Information Overload, Quantified: Humanity Can Store 295 Exabytes of Data

By Andrew Moseman | February 11, 2011 2:00 pm

It’s easy to feel both amazed and utterly overwhelmed by the amount of information that humans have created in the digital age. And now, researchers have calculated a number to go with those feelings. A big one.

As of 2007, humans had the capacity to store 295 exabytes. An exabyte is 1018 bytes. If you think of the gigabytes (a billion bytes) in which your hard drive space might be measured, an exabyte is a billion of those gigabytes. Another size comparison: Astronomers, by necessity, are designing new information processing techniques to help them grapple with the coming age of “petascale” astronomy, because they’re starting to get more information than they can handle. “Exa” is the prefix after “peta”; it’s a thousand times more.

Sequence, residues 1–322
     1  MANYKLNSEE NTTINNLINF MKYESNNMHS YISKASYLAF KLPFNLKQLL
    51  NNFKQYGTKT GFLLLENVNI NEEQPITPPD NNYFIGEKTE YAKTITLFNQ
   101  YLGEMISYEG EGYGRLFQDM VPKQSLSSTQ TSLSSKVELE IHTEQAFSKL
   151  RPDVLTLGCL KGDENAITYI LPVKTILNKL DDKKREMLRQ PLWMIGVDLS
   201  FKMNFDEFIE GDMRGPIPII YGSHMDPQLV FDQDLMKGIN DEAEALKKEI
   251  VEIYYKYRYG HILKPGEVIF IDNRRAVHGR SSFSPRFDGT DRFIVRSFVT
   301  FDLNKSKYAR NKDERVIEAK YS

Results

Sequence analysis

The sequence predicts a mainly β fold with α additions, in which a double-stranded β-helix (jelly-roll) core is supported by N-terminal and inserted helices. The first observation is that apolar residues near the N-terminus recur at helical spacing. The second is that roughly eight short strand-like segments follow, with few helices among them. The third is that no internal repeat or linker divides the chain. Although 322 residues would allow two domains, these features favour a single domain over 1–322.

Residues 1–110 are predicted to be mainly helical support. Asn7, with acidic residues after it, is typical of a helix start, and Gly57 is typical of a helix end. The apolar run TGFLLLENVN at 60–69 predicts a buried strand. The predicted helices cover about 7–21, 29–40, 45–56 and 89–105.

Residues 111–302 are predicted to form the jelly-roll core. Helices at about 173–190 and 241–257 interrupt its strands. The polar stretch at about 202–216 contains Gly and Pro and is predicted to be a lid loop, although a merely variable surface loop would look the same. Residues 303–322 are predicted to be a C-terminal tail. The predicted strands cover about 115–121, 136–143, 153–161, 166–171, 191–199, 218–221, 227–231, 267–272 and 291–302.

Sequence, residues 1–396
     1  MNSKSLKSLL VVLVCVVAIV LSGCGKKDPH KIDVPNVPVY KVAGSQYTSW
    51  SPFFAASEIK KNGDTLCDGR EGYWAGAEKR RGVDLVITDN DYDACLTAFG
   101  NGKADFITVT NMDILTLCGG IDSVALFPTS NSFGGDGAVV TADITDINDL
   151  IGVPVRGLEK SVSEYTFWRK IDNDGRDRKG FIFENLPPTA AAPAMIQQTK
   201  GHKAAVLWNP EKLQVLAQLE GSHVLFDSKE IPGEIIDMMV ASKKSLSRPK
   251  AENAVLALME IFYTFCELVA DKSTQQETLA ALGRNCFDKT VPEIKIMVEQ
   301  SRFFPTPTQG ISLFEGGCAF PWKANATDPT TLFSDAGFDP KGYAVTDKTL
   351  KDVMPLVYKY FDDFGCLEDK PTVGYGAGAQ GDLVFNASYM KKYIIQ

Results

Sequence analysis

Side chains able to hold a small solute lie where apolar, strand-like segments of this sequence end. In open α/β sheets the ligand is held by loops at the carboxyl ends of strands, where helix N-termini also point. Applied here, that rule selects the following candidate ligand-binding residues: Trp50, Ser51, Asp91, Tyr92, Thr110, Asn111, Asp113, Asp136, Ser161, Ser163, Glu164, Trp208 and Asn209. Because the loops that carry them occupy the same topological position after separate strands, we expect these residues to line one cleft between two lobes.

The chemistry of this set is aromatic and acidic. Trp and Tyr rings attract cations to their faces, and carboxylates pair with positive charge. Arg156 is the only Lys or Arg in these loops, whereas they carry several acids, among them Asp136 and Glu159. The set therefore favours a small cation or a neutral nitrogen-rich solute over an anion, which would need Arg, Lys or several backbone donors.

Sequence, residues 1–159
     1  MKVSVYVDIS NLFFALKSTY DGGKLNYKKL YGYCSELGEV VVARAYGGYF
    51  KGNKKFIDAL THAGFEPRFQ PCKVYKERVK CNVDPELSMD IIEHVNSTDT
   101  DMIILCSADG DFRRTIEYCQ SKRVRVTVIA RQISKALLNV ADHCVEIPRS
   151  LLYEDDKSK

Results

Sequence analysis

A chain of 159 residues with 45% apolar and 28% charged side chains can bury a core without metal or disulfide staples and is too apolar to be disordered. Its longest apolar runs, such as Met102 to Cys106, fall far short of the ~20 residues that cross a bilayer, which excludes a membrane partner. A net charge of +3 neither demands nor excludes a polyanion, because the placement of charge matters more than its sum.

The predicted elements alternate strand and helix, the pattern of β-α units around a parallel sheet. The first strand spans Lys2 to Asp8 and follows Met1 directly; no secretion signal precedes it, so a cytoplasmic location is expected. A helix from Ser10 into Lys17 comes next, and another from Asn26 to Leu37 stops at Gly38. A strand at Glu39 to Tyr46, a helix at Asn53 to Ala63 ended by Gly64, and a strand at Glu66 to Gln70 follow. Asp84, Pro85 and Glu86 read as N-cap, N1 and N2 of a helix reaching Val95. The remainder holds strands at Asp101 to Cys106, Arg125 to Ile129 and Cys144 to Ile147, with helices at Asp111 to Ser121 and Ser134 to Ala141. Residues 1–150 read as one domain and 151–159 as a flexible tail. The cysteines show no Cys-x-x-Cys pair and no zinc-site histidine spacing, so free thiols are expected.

Or, simply, a stack of CDs storing 295 exabytes of information would reach beyond the moon.

Scientists calculated the figure by estimating the amount of data held on 60 analogue and digital technologies during the period from 1986 to 2007. They considered everything from computer hard drives to obsolete floppy discs, and x-ray films to microchips on credit cards. The survey covers a period known as the “information revolution” as human societies transition to a digital age. It shows that in 2000 75% of stored information was in an analogue format such as video cassettes, but that by 2007, 94% of it was digital. [BBC News]

This isn’t just about tallying gargantuan numbers and cheeky comparisons to blow our minds, though. The study by Martin Hilbert that created this huge estimate comes from a special issue of the journal Science dedicated to figuring out how to deal with the torrent of information that gets larger every day. As mentioned above, astronomers are quickly finding themselves awash in more data than they can process. (Keep your eye out for the upcoming April issue of DISCOVER, which explains bold new projects that will help to solve these problems).